Defence Minister Was Peeved by MP’s Facebook Post
Following the announcement of Electoral Boundaries, Inderjit Singh, Member of Parliament (MP) of Ang Mo Kio Group Representation Constituency (GRC) announced his intention to step down as a MP and informed the public that he will not be running in the coming General Election.
Problem was, he decided to make his announcement over a Facebook post.
The move did not sit well with the Defence Minister Ng Eng Hen.
2 days after the announcement (26 July), Defence Minister Ng Eng Hen spoke to the media about the coming General Election and suggested that MP Singh’s renouncement was not appropriate.
You can post your retirement on Facebook, but I think as an MP who has served 15, 20, even 30 years – that’s not the best way to do it.
– Defence Minister, Ng Eng Hen
What’s the best way to announce your retirement after 19 years of serving the public?
MustShareNews suggests 5 methods that Inderjit Singh should have considered to avoid incurring the wrath of the Defence Minister.
1. Throw a ceremony
According to the Minister Ng, the new process of MPs stepping down and of introducing the succeeding MPs ought to be more “deliberate and dignified“.
Maybe, that was the issue with MP Singh’s Facebook post.
A single Facebook post is simply not dignified enough to announce the retirement of a Member of Parliament.
Perhaps MP Singh should have thrown a grand and solemn ceremony to announce his decision to retire instead.
Maybe something like this —
This completely make sense since Minister Ng is the Defence Minister — a strict military man, who takes no nonsense.
2. Personally inform residents
Minister Ng added that the process of the succession can be smoother by preparing the ground for the retirement of the MP, where the succession process must be sincere and personal from the MP to the residents.
By using his own Facebook account to announce his retirement, MP Singh was obviously not personal enough.
MP Singh really should have visited each and every residential unit of his Kebun Baru ward and personally informed the residents about his plans to step down.
Something like this —
3. Tag relevant Facebook pages in the post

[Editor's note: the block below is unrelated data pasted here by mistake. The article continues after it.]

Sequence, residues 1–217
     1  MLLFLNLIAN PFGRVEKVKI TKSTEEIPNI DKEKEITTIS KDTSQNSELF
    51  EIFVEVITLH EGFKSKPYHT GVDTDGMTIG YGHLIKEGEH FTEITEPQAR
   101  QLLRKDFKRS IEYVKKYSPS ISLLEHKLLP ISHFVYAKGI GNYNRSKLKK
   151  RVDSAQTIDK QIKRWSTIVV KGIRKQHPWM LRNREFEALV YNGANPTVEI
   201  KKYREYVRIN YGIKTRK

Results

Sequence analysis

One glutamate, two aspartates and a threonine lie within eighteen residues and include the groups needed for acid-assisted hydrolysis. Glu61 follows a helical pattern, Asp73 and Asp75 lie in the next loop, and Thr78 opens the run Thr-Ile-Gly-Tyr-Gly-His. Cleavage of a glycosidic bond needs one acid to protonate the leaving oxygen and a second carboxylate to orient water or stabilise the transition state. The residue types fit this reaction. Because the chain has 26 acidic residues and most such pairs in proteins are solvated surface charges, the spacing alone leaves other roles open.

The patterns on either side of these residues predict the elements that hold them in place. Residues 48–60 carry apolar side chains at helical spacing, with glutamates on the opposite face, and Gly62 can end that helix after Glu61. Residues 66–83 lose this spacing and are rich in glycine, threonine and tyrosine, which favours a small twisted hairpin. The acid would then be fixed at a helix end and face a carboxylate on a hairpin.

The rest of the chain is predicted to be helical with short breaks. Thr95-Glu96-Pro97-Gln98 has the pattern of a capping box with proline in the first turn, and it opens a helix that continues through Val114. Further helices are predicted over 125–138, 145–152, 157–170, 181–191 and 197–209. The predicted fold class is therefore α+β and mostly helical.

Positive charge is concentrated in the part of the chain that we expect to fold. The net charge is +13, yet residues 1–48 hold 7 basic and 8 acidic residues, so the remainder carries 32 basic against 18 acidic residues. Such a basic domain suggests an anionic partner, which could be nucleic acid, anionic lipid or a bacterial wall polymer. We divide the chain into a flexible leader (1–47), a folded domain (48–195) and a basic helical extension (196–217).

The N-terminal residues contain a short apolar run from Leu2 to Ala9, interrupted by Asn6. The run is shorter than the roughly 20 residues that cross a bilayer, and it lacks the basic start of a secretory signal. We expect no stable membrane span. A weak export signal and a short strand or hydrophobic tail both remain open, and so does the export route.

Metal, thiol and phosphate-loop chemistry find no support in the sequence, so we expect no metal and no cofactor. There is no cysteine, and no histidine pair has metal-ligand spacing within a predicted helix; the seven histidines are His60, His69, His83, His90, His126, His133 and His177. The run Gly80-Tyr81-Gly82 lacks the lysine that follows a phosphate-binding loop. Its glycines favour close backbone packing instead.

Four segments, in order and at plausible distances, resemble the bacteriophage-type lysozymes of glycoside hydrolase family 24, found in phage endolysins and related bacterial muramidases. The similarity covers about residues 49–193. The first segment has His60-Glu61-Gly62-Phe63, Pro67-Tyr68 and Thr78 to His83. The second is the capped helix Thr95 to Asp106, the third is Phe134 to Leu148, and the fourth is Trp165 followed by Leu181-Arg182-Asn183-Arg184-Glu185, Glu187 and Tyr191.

Or maybe, Minister Ng meant it was not personal enough because he wasn’t tagged in MP Singh’s Facebook post.
We underlined the part which may be particularly impersonal in MP Singh’s Facebook post —
MP Singh should have started off his Facebook post in a more personal manner with a more personal touch —
By individually listing out the important individuals and institutes and informing them of his personal decision is definitely more personal and fitting for an MP of 19 years.
4. Bury the hatchet in the Facebook post
Perhaps, it was about the content of MP Singh’s Facebook post.
Try reading the post again —
Note the obvious lack of reference to Defence Minister Ng.
Turn out MP Singh and Defence Minister Ng crossed swords in 2014.
In an interview with the Channel NewsAsia, MP Singh had criticised the promotion structure of the public service — citing the Singapore Armed Forces of which Defence Minister Ng is in charge of.
I’ve seen scholars who are poor ground commanders and yet they get promoted
– Member of Parliament for Ang Mo Kio GRC, Inderjit Singh
The remark prompted an immediate response from Minister Ng, who posted a response citing Bobby Lin — the prime example of an excellent ground commander who got promoted despite not being academically inclined.
Defence Minister Ng may be peeved by the absence of MP Singh’s acknowledgement in putting a final word to their skirmish.
Perhaps, MP Singh really should have private messaged a “Sorry” to Minister Ng, or at least include a subtle sentence in the Facebook post to bury the hatchet between MP Singh and Minister Ng.
5. Announce his retirement through through a party press conference
Maybe it wasn’t so much about the message, it was all about how MP Singh delivered it.
MP Singh should have just taken a leaf out of other MPs when they retire — both George Yeo and Lim Hwee Hua called for a party press conferences when they announced their retirement from politics.
After all, a party press conference represents a serious, formal, and dignified affair for anyone.
Lesson to be learnt
Consider this a lesson to be learnt for the MPs or future-MPs-to-be of the majestic ruling party of Singapore, that the best and most appropriate way to announce your retirement for is NOT to post your plans on Facebook.
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